Saturday, June 26, 2010

harbour view

Scheveningen (the Hague) harbour.... a midsummer summer night's dream

but: remember the bitter end...

Tuesday, June 1, 2010

Annals of water management... Poldergemaal Limmen, Akersloot

Since the Dutch polders are beneath sea level, water has to be pumped out constantly, otherwise the land would fill like a bath-tub. Originally, the famous windmills were used for this purpose
In 1879, the two windmills of Polder Limmen were replaced by a steam driven pumping installation, called a "gemaal"
The archimedic screw used by one of the windmills to pump up the water was kept and integrated in the steam powered installation. The teeth of the left wheel were from wood. Therefore they were easier to replace, since it happened frequently that a dead cow was caught in the mechanism... the farmers used to throw dead cows into the canals to get rid of them.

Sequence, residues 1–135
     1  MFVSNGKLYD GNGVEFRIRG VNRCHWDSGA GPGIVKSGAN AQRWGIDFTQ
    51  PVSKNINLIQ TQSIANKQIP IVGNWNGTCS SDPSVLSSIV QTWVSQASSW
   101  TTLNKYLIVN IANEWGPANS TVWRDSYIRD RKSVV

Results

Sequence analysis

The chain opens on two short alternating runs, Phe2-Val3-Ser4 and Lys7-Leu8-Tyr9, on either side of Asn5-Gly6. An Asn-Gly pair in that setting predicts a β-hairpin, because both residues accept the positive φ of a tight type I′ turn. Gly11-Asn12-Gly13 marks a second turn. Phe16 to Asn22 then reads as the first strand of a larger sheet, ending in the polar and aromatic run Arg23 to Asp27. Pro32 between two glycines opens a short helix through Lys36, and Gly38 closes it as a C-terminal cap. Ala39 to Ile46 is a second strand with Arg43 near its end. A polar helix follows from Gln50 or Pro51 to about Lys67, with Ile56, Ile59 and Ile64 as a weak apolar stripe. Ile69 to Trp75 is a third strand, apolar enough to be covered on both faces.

The transmission belt was made from thin leather stripes held together by screws. If one of the leather stripes broke, they were easy to be replaced without replacing the whole belt.
After 40 years the steam engine was replaced by an electric motor. Since the electric engine turned much faster than the steam engine, an additional drive wheel and transmission had to be installed under the roof of the building. The whole electric installation including the safety plugs, which were much bigger than now, is still there.
After 111 years of service, the whole installation was replaced by a modern electric pump in a little shed next door